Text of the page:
Bottom line: many different cases can be listed (and each case can have multiple lines of instructions), but at runtime, since the value of the switched variable (in this example, a) will only be satisfied by one case, only one instruction block will run. All other cases will be skipped.

Looping

We’ve been talking about deciding which block of code to run based on certain runtime conditional values, but what if we wanted to run a block of code repeatedly a certain number of times? Or run until certain conditions are met? For that we have looping. Let’s take a look at for loops first.

for

These loops allow you to run a set of instructions a certain finite number of times. The most common way to bound a for loop is to provide it with a collection of data and have it iterate over each element in that collection. Thus if the collection has 10 items, the for loop will run its block 10 times.

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NSArray *names = @[@"Han Solo", @"Kathryn Janeway", @"James Kirk", @"Jean-Luc Piard", @"Malcolm Reynolds"];

for (NSString *name in names) {
    NSLog(@"Hello Captain %@", [name componentsSeparatedByString:@" "][1]);
}

The above loop looks at each name in turn from the names array and prints out the message “Hello Captain “ and places the captain’s last name at the end of the string. See the this Apple Documentation page if you want to learn more about the componentsSeparatedByString: method.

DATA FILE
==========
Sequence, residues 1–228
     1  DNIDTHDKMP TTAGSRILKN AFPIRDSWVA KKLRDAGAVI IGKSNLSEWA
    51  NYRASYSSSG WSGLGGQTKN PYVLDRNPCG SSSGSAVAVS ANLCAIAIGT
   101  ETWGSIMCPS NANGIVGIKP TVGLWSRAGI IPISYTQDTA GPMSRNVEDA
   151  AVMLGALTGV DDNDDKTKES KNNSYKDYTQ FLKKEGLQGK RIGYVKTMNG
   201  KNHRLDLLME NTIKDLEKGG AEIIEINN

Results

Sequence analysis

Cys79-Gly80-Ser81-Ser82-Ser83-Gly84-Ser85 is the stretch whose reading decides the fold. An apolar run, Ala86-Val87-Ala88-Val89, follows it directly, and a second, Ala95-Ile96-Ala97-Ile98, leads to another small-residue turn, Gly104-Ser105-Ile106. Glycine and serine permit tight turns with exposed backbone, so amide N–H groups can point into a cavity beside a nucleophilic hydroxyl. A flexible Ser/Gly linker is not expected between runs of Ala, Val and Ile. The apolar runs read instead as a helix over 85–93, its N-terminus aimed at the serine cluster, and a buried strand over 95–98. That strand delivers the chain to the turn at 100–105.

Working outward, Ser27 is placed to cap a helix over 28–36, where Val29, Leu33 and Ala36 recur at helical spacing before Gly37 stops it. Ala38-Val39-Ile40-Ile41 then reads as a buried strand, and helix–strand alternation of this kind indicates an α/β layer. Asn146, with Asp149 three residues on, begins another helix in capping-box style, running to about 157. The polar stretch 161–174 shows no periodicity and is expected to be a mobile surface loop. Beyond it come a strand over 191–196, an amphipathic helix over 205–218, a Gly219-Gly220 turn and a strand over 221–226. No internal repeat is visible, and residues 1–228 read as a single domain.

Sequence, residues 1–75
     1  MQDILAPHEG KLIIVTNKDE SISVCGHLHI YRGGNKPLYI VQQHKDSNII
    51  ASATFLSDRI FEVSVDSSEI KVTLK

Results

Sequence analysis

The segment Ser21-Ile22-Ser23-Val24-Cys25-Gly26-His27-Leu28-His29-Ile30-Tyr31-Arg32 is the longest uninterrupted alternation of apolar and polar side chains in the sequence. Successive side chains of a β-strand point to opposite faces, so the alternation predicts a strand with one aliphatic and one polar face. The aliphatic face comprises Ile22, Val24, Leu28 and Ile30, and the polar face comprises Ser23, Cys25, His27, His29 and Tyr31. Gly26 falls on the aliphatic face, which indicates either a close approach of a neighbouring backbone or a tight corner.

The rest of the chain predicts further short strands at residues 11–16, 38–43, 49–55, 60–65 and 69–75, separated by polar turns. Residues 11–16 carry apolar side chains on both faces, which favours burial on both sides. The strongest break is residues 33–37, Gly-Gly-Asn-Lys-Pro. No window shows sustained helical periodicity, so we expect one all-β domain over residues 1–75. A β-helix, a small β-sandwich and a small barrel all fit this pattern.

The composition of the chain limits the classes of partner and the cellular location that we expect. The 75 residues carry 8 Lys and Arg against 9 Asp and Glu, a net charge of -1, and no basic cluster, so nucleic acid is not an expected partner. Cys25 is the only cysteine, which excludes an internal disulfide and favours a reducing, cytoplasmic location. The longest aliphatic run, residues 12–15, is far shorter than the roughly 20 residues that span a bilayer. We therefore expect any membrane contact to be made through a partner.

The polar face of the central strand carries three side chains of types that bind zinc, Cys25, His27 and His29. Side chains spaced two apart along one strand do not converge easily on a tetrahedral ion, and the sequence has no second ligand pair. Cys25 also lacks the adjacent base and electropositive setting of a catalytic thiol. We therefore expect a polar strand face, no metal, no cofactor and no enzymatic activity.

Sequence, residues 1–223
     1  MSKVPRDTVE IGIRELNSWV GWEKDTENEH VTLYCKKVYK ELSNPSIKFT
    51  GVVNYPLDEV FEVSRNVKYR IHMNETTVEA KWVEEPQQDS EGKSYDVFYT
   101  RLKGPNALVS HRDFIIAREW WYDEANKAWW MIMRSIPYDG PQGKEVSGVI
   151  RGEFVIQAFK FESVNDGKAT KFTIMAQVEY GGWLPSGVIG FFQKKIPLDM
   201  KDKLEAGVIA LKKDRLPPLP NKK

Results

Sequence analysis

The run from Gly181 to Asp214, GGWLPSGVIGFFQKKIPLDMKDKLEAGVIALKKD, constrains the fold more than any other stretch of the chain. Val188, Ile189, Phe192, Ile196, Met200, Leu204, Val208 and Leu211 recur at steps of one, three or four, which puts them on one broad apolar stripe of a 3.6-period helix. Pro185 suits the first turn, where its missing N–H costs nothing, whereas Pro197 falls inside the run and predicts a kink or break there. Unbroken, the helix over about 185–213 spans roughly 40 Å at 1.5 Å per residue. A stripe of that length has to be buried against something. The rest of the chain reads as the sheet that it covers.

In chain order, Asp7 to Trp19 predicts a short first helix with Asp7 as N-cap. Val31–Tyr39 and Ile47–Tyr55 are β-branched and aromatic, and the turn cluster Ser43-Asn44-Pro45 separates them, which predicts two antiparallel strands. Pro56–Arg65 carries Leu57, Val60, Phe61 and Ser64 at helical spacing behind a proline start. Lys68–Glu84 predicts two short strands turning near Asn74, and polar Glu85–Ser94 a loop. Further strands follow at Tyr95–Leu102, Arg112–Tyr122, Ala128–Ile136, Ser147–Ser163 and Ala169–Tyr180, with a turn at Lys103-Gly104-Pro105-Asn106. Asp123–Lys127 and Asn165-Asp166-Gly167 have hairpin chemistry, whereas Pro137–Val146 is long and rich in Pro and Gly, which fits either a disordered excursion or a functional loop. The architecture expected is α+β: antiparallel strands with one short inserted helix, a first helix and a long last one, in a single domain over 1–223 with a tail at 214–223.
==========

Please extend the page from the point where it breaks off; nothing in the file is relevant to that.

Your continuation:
while

while loops are used to perform an instruction or set of instructions until some condition is met. The loop runs an undefined number of times rather than a predefined number like with a for loop. Let’s say we wanted to count to 100 by a factor of 5 each time. We could arrange a loop such that it will end after we reach 100. See below for an example:

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int n = 0;
while (n <= 100) {
    n += 5;
    NSLog(@"%d", n);
}

The above code block will print each number between 5 and 100, jumping by 5 each time. The block is evaluated as follows: line 2 evaluates to YES or NO depending on the value of n. As long as the value is less than 100, lines 3 and 4 are evaluated. The value of n is increased by 5 and then printed. Once line 5 is reached, the loop begins again, as long as n is still less than 100. At some point the value of n will be increased beyond 100, and when the loop begins again at that point, the conditional on line 2 will evaluate to NO, thus ending the loop.

do-while

If you’d like to ensure the instructions inside your loop run at-least once, you can use an alternate form of the while loop, something called do-while. See the example below:

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int m = 0;
do {
    m+=5
} while (m <= 100);

The above block is essentially the same as the previous while example, with one important difference. The instruction at line 3 always executes at-least once, and then again in a loop if the expression at line 4 is YES. while loops can run 0 or more times, whereas do-while loops can run 1 or more times. Deciding which to use in your code is a decision that will be based on the specific problem you’re trying to solve.

Recap

Let’s take a look at the concepts covered in this lesson:

  • Controlling the flow of code with if-else and switch blocks
  • Running the same block of code multiple times with loops: for , while, and do-while